1. A fluid pressure regulator comprising a vertical cylindrical sleeve having a flange spaced from the lower end thereof, a horizontal high pressure inlet connection jacketing said sleeve, a housing constituting a horizontal low pressure outlet-connection having a flanged portion telescoping with the lower end of said sleeve and removably secured to said first flange, an auxiliary cylindrical sleeve concentric with said first sleeve and located within and spaced from said housing at the sides and from said first sleeve at the upper end to provide a port, a port in said first sleeve opening into said first jacket, a longitudinally ported hollow piston valve closed at both ends slidably disposed in said sleeves for regulating communication between said inlet and outlet. a by-pass directing low pressure into said auxiliary sleeve against the piston valve end slidable therein to move the same in one direction, and regulable means for moving said valve in the opposite direction.

2. A iluld pressure regulator comprising a vertical cylindrical sleeve having a iianged portion at the lower end, a horizontal high pressure inlet connection jacketing said sleeve, a housing constituting a horizontal low pressure outlet connection having a flanged portion removablyJ secured to said flrst ange, an auxiliary cylindrical sleeve concentric with said first sleeve and located within and spaced from said housing at the sides and from said first sleeve at the upper end to provide a port, a port in said first sleeve opening into said first jacket, a longitudinally ported hollow piston valve closed at both ends slidably disposed in said sleeves for regulating communication between said inlet and outlet, a by-pass directing low pressure into said auxiliary sleeve against the piston valve end slidable therein to move the same in one direction, and regulable means for moving said valve in the opposite direction.

3. A fluid pressure regulator comprising a vertical cylindrical sleeve, a horizontal high pressure inlet connection jacketing said sleeve, a housing constituting a horizontal low pressure inlet connection connected to said vertical cylindrical sleeve, an auxiliary cylindrical sleeve concentric with said first sleeve and located within and spaced from said housing at the sides and from said first sleeve at the upper end to provide a port, a port in said rst sleeve opening into said first jacket, a longitudinally ported hollow piston valve closed at both ends slidably disposed in said sleeves for regulating communication between said inlet and outlet, a by-pass directing low pressure into said auxiliary sleeve against the piston valve end slidable therein to move the same in one direction, and regulable means for moving said valve in the opposite direction.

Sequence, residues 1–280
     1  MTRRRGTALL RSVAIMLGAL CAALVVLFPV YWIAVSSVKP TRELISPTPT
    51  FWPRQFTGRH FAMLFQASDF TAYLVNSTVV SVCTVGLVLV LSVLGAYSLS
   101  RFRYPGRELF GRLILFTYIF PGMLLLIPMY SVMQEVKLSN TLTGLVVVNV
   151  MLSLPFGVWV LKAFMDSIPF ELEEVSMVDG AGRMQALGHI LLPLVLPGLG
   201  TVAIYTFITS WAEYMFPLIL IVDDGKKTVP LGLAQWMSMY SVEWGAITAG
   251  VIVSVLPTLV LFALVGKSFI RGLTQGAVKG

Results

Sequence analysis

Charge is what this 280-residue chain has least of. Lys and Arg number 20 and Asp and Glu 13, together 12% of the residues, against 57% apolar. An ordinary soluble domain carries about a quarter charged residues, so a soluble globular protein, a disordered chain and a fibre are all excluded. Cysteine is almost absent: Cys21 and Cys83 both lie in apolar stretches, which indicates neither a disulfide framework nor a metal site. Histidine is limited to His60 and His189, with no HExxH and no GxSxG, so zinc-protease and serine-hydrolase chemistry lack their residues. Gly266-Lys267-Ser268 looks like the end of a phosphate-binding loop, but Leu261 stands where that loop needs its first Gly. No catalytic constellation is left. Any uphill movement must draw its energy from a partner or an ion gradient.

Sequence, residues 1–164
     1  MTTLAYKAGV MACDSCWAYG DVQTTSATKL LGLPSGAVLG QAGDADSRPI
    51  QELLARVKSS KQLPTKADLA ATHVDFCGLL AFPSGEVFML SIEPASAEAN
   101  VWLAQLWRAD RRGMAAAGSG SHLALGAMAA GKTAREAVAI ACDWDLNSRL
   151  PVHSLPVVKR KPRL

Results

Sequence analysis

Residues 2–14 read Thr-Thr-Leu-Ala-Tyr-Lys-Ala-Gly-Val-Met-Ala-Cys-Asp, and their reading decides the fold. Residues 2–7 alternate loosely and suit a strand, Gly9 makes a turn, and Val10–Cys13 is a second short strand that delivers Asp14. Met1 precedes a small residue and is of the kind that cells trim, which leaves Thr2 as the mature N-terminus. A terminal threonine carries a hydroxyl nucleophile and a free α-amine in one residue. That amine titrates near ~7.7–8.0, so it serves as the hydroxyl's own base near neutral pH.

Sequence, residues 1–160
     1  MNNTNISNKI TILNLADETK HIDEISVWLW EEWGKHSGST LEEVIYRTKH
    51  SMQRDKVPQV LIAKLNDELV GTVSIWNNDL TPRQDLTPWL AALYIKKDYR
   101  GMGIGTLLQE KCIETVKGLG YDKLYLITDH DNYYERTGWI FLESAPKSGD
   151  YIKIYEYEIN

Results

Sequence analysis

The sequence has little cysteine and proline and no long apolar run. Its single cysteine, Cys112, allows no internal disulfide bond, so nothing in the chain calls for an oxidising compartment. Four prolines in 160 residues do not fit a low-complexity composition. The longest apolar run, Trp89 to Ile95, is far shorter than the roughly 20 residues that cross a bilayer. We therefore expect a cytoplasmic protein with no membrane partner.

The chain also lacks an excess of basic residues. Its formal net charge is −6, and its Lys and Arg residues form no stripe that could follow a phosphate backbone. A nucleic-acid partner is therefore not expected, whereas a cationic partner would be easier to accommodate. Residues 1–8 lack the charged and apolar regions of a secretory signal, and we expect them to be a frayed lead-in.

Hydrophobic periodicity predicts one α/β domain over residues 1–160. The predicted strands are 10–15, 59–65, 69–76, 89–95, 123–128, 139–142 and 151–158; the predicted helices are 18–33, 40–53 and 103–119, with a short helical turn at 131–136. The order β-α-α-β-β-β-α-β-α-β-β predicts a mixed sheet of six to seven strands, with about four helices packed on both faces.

BRAXTON L. ROBART. EARL P. BUELL.

Referenced by
Citing PatentFiling datePublication dateApplicantTitle
US2662543 *Mar 27, 1950Dec 15, 1953New York Air Brake CoPressure reducing valve
US2696196 *Feb 18, 1949Dec 7, 1954Denison Eng CoControl valve for hydraulic apparatus
US4806217 *Oct 6, 1987Feb 21, 1989Peretz RosenbergBack-flushable filter and pressure-regulator particularly useful therewith
US8950431 *Mar 26, 2010Feb 10, 2015System D&D Co., Ltd.Fluid flow control device
US20120273065 *Mar 26, 2010Nov 1, 2012Young Bum KimFluid flow control device
Classifications
U.S. Classification137/505, 137/625.39, 137/625.38, 251/367
International ClassificationG05D16/10, G05D16/04
Cooperative ClassificationG05D16/10
European ClassificationG05D16/10